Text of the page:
Virginia Employees Receive the Right to Obtain Copies of Personnel Records Upon Written Demand

October 17, 2019
Virginia employers have never been required to provide employees with access to personnel files absent the issuance of legal process.  That changed as of July 1, 2019 when an amendment to the evidence section of the Virginia Code granted all employees (current and former) the right to obtain copies of records in whatever format maintained that “reflect” the employee’s dates of employment, position held, wages earned, job description and title, and any injuries the employee sustained during the course of his/her employment with the employer.  VA. Code Ann. §8.01-413.1(B).

Employment Law: Advanced Issues and Answers – One-Day Live Seminar

September 10, 2019
Trying to keep up with the intricate web of agencies governing employment law and the increasing number of legislative changes each year can be overwhelming for even the most experienced attorney or human resource director. Are you up to date on the latest legal developments and able to confidently advise clients on employment law issues? Avoid inadvertent violations of state and federal regulations. Attend this seminar and learn from seasoned practitioners as they discuss tips and techniques for handling advanced-level issues. Register today!

HOW TO PROTECT YOUR COMPANY’S INTERESTS IN VIRGINIA UNEMPLOYMENT COMPENSATION CLAIMS

February 7, 2019
Unemployment insurance benefits provide temporary financial assistance to workers who are unemployed through no fault of their own and who meet Virginia’s eligibility requirements. It is reasonable to want those who are unemployed through no fault of their own to receive financial assistance as the law allows, but prudent to not want to bear the cost of providing compensation to those who should not receive it.

Employment Law Alert - Changes to Overtime Rule Delayed and Possibly Ended

February 7, 2019
As employers are aware, the Obama administration made changes to the salary-based exemption regulation requiring employers to pay more than double the amount of salary to employees in order to take advantage of the exemption from paying overtime. The changes to the regulation required employers to pay salary-based exempt employees $913 per week on a salary basis instead of paying $455 per week on a salary basis.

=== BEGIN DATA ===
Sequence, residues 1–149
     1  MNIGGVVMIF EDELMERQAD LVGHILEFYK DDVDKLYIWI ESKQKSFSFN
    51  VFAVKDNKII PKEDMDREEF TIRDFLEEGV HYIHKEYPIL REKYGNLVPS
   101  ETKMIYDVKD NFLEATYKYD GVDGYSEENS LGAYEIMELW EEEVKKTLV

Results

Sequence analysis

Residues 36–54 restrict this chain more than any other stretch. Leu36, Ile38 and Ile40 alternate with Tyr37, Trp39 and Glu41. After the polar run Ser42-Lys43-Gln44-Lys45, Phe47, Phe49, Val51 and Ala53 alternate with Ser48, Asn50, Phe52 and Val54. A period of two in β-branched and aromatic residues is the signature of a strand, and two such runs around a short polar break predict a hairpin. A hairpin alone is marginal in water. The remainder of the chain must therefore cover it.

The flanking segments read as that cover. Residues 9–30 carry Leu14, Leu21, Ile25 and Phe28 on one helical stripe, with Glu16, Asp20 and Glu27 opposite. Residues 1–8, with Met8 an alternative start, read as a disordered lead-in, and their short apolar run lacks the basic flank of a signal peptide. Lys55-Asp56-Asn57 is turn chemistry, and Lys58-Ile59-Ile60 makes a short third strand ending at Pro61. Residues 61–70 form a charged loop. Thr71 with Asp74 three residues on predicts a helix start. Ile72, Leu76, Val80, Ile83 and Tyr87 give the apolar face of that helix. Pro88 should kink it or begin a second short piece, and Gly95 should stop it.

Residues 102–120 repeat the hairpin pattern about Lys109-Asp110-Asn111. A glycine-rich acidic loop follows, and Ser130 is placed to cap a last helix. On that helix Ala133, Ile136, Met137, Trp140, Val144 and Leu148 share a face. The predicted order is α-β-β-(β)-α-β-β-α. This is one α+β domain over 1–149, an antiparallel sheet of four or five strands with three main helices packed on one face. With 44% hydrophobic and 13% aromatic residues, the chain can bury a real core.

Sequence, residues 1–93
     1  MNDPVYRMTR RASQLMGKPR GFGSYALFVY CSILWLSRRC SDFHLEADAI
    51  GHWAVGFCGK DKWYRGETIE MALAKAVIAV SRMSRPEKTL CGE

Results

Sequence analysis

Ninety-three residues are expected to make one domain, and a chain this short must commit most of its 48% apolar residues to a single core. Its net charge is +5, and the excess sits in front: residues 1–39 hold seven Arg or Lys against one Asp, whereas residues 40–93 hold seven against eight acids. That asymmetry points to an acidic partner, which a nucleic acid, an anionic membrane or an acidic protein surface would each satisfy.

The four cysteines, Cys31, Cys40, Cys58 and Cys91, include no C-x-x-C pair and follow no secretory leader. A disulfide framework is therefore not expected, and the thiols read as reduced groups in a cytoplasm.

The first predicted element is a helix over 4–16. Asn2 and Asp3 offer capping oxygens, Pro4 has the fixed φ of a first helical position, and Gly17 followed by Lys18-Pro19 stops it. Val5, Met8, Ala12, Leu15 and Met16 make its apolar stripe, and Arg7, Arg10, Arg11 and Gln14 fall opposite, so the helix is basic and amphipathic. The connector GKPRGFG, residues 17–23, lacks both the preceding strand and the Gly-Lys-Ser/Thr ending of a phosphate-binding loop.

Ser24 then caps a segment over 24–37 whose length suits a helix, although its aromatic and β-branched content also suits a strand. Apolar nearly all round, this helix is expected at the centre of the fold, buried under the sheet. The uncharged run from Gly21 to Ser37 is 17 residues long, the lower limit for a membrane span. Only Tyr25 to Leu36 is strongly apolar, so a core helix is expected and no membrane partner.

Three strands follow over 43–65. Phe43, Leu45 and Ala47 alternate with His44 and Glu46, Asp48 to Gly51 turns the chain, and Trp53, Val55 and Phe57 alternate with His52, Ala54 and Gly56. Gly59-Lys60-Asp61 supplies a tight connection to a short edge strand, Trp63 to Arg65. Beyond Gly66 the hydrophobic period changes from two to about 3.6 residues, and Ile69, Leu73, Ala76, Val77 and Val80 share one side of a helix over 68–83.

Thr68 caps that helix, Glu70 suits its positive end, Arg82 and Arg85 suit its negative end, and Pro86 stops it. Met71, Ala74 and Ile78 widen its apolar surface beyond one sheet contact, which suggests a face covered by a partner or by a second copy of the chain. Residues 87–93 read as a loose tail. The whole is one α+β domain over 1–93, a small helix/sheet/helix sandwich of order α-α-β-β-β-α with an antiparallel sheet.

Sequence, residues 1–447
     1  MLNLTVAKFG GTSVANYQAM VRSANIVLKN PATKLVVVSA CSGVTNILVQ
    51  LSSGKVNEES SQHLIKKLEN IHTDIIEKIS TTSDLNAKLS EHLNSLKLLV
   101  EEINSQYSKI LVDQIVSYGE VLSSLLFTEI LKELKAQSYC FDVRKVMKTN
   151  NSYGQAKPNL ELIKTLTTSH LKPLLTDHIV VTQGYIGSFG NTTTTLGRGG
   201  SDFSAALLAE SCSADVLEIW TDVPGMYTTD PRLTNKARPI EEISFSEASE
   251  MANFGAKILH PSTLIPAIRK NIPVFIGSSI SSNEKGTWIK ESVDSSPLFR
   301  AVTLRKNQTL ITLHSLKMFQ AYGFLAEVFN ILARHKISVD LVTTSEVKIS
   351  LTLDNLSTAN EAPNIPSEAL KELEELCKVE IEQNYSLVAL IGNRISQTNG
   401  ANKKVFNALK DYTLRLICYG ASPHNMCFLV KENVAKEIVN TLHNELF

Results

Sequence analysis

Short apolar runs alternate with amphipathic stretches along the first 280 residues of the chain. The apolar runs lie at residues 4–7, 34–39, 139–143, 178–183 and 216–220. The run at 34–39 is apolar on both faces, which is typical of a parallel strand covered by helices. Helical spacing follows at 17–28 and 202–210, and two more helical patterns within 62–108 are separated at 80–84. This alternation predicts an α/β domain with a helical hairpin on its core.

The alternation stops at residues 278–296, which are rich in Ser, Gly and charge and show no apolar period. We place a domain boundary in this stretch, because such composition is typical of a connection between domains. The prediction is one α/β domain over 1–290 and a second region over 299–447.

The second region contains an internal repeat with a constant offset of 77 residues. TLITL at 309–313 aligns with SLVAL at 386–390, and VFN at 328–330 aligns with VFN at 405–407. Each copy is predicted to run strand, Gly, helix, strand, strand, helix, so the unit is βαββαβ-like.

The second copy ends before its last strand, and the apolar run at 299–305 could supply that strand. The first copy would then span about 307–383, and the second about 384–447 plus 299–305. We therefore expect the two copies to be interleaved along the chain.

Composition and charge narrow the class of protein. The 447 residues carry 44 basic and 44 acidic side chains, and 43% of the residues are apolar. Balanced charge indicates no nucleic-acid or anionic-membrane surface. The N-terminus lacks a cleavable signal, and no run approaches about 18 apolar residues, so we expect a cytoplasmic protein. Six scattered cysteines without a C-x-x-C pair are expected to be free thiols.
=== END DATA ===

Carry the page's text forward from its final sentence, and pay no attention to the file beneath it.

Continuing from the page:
MONTGOMERY COUNTY, MARYLAND HAS ENACTED AN EARNED SICK AND SAFE LEAVE LAW

February 7, 2019

By Susan Richards Salen October 612016 Montgomery County, Maryland has enacted an Earned Sick and Safe Leave Law ("Law") effective October 1, 2016. Most employers in the County will have to provide most of their employees with up to 56 hours of paid sick and safe leave. The leave is accrued at the rate of one hour of paid leave for every 30 hours worked capped at not more than 56 hours of leave a year. Small employers (defined as employers with less than 5 employees) have to provide only 32 hours of paid leave and 24 hours of unpaid leave.

Regional Minimum Wage Update

February 7, 2019

By Maureen E. Carr, Esq.

Employers should be aware of increases to the minimum wage in certain jurisdictions in the Washington Metropolitan Area.

Effective July 1, 2015, the minimum wage increases to $8.25 in Maryland and $10.50 in the District of Columbia. The minimum wage in Virginia will remain $7.25, which is the federally mandated minimum wage.

Employers in Maryland should keep in mind that the current minimum wage in Montgomery and Prince William Counties is $8.40 and will increase to $9.55 on October 1, 2015.

Crude Comments Alone May Create an Actionable Hostile Work Environment

February 7, 2019

For years lawyers have advised employers in the Fourth Circuit (the federal circuit for appeals from United States District Courts of Maryland, Virginia and North Carolina) that crude and boorish sexual comments alone are not generally sufficient to create a hostile work environment for purposes of proving a sexual harassment claim under Title VII. Generally, in the Fourth Circuit, courts have found that comments alone are not sufficient to create an environment that is severe and pervasive enough to constitute harassment as a matter of law.

District of Columbia Enacts New Law Providing Increased Protections for Pregnant Workers and Nursing Mothers

February 7, 2019

The District of Columbia joined Delaware, Illinois, West Virginia and Maryland by enacting legislation to give additional protections to pregnant workers.  On October 24, 2014, the District of Columbia enacted the “Protecting Pregnant Workers Fairness Act of 2014” (PPWFA or the Act).   Provided that Congress does not disapprove of the PPWFA, the PPWFA will become effective sometime in late 2014.  The PPWFA gives pregnant employees and applicants, and recently pregnant employees (those who have recently given birth) and applicants, broad protections that might not otherwise be available to t